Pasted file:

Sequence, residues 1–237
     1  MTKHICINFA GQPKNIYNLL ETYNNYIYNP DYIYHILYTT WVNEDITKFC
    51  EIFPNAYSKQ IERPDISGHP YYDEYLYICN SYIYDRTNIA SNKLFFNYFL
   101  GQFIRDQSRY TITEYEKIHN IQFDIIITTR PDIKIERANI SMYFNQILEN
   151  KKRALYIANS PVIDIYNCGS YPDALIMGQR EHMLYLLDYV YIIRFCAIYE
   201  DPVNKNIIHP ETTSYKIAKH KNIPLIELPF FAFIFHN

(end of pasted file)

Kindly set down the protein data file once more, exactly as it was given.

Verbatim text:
Sequence, residues 1–237
     1  MTKHICINFA GQPKNIYNLL ETYNNYIYNP DYIYHILYTT WVNEDITKFC
    51  EIFPNAYSKQ IERPDISGHP YYDEYLYICN SYIYDRTNIA SNKLFFNYFL
   101  GQFIRDQSRY TITEYEKIHN IQFDIIITTR PDIKIERANI SMYFNQILEN
   151  KKRALYIANS PVIDIYNCGS YPDALIMGQR EHMLYLLDYV YIIRFCAIYE
   201  DPVNKNIIHP ETTSYKIAKH KNIPLIELPF FAFIFHN